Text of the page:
How about an award for most annoying digression? Dr Z's wines, Peter King's daughters and his Starbuck's obsession, and Gregg Easterbrook's bizarro web links and time travel references are just some of the potential winners.

by Sid (not verified) :: Fri, 02/24/2006 - 3:00pm

Add me to the list of people who found the Ted Ferguson Daredevil ads to be pretty stupid.

by Green Bay for Life (not verified) :: Fri, 02/24/2006 - 3:11pm

RE 107
I nominate Peter King :-)

by Pat (not verified) :: Fri, 02/24/2006 - 4:08pm

#107: If you're going to do that, you have to add Al and Vivek, Scramble for the Ball, and WWE references.

by mactbone (not verified) :: Fri, 02/24/2006 - 5:47pm

I can't appreciate Lenny P. Too much of his "insider information" is really just favors he's doing for one guy or another. Also, either he's trying to turn his columns into P. King style musings or ESPN wants him to do that because he's not the pure journalist he was. If I just want the facts or facts tinged with strong Christian overtones I'll check out Clayton or C. Mortensen.

by Mikey (not verified) :: Fri, 02/24/2006 - 8:13pm

For those of you who also follow hardball, here's a bonus question. First a little background:

Two days ago when the "Barry Bonds says he'll retire" stories were coming out I found myself thinking about how happy I'll be when I never have to read his name again.

Then I had a very similar reaction when this message board turned its attention to Terrell Owens.

So the questions is this: Who would you rather see just fall off the face of the Earth and never be heard from or discussed again? Barry Bonds or Terrell Owens?

I'm going with Owens. As an east coast, American League fan, it's relatively easy for me to minimize my exposure to Bonds. Owens, on the other hand, ruined the whole first half of the 2005 season by himself.

It's a real dogfight. Maybe it's the recency of football season that tips me to T.O. Whatever it is, right now the mere sight of Owens makes my skin crawl just a little bit more than Bonds.

by gleebergloben (not verified) :: Sun, 02/26/2006 - 3:19am

skip bayless is an annoying little weasel who makes some wacky conspiracy theory comments just to sound...well, i don't really know what his purpose is. he should just thank his lucky stars he's employed with espn. if not, he'd probably be a beat writer for some weekly newspaper in northern idaho. what a chump.

by osoviejo (not verified) :: Sun, 02/26/2006 - 5:41am

The Deadspin link points to PFW.

by Mike Carlson (not verified) :: Sun, 02/26/2006 - 7:20am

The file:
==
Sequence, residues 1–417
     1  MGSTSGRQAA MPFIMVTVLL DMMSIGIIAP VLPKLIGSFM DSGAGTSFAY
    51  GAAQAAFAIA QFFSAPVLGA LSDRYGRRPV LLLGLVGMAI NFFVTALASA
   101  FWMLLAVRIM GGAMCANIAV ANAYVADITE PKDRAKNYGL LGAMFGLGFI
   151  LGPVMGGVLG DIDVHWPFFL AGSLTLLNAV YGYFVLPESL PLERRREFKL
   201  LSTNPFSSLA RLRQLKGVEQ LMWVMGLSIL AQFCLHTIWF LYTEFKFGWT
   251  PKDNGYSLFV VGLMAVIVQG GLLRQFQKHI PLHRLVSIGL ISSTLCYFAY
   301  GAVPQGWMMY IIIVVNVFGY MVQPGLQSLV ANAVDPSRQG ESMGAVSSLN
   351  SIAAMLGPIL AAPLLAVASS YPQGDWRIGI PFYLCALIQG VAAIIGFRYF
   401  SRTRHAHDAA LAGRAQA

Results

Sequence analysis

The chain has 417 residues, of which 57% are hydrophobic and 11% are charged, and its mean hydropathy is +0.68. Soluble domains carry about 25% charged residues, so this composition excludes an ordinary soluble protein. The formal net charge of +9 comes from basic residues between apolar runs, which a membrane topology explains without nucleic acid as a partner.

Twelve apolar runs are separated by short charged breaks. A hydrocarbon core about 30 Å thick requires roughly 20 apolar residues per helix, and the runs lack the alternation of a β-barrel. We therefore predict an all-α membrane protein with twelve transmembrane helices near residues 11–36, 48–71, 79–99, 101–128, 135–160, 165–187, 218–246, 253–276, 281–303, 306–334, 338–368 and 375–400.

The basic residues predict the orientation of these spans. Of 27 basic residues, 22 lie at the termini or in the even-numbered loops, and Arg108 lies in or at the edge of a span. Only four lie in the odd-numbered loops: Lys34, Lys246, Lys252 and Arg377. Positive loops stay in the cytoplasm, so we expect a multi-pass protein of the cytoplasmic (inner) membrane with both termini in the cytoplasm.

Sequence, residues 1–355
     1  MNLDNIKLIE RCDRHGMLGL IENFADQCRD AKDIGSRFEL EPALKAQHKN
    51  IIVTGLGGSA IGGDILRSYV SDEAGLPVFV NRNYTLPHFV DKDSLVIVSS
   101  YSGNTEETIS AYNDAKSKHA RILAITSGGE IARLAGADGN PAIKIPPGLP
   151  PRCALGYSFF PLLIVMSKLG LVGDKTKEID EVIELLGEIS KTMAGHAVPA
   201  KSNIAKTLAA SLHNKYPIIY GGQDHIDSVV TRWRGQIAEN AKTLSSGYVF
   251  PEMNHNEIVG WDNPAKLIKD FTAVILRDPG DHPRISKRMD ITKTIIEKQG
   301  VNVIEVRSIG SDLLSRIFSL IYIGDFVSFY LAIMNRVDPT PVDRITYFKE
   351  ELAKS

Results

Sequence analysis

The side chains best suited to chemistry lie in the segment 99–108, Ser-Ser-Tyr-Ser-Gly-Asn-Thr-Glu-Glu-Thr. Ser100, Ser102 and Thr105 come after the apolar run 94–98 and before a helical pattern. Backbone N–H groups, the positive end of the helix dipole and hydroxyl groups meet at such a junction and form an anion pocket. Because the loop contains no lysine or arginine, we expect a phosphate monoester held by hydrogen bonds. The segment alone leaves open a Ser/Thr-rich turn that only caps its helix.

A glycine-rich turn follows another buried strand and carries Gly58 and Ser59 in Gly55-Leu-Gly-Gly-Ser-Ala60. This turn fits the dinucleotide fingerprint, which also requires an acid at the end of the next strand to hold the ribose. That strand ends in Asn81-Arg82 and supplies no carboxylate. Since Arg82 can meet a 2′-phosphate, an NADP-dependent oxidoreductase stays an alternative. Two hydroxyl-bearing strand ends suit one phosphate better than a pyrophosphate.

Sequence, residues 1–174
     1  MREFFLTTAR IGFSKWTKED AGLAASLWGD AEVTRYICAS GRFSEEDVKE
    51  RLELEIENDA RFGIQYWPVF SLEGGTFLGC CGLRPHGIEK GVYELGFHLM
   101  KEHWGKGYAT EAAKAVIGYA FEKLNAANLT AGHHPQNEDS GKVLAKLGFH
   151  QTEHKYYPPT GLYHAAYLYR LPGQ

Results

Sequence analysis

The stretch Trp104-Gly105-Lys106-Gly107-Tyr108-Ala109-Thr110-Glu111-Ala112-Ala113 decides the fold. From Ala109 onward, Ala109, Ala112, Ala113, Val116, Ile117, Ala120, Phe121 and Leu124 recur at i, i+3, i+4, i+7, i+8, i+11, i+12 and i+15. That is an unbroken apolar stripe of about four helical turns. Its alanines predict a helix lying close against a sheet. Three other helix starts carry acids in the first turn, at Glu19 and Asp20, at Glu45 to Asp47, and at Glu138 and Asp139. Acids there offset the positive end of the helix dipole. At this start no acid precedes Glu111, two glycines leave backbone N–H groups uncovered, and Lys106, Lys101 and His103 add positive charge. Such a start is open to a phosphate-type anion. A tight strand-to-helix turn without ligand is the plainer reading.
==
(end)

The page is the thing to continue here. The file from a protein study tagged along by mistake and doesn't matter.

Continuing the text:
Thanks for the mentions: I'm amazed anyone notes my work back home! I guess I am local--but I also definitely am a writer: I don't DICTATE those nfluk.com
cols! I'll be writing on nfleurope again for nfl.com, and for pro football weekly, which I've been doing for the past 9 seasons. I also write a weekly col for the British football paper First Down for something like 10 years. While I'm at it, can I insert a shameless plug for my three books (on Sergio Leone, Clint Eastwood, and Oliver Stone) in the Pocket Essentials series??????

Re the posters: I wish I were covering NFL for the Guardian, but havent done so in years--I do, however, write obits for them, and do features, arts and books coverage for other papers and magazines, and edit and write the film section of Crime Time magazine!

And I rarely lift SHAMELESSLY from Football Outsiders--it's just that Channel Five are paranoid about plugging websites on air, so credit has to be given indirectly...thanks!


by Zzyzx (not verified) :: Sun, 02/26/2006 - 12:57pm

107 - if Easterbrook isn't allowed stupid, pointless digressions, his entire column could be written by macros.

by Sid (not verified) :: Sun, 02/26/2006 - 3:18pm

Ha! Mike Carlson reads FO. Good to hear from you, Mike. I hear a lot about you from our British readers.

by David Geaslen (not verified) :: Mon, 02/27/2006 - 5:15am

Get McShay's name right. He's the best draft analyst out there. He scouts players; the others collect rumors.

by Mark Legge (not verified) :: Thu, 03/09/2006 - 11:13am

Nice to see Mike Carlson getting a mention (even nicer to see that he reads this site!)... As a British fan I get to watch Mike ply his broadcasting trade every week for both the Sunday and Monday night games live on channel 5 (sorry Mike, I'm not a member of the sleep-bagger crew... it's record and watch the next day for me...). I'm sure, if the shows format allowed, he'd be doing everything Ron Jaworski does, but what he does do is the best we Brits have had since the days of Gary Imlach! (For all you Americans wondering 'who?', yes we're starting to build up a bit of history in the UK including our own television legends... and disasters (the Nasty (or Vicious?) Boys of 1987...)

Anyway... more of the same next year Mike and I'll promise to keep laughing at your jokes... even the bad ones.

by Another Jake (not verified) :: Tue, 02/13/2007 - 6:03pm

The top vote-getter was Mike Reiss of the Boston Globe, who writes an indispensable weblog about the Patriots as well as exhaustive regular mailbag columns. Why don’t other newspapers have content like this?
I know you guys work hard to avoid coastal bias, but you missed the boat here. Mike Sando of the Tacoma News-Tribune is providing the same value to Seahawks fans as Reiss is for Pats fans. Of particular interest to this crowd is his extensive use of Excel to chart and track not only obvious data such as roster moves and salary/cap info, but also items like offensive personnel groupings and their success rates.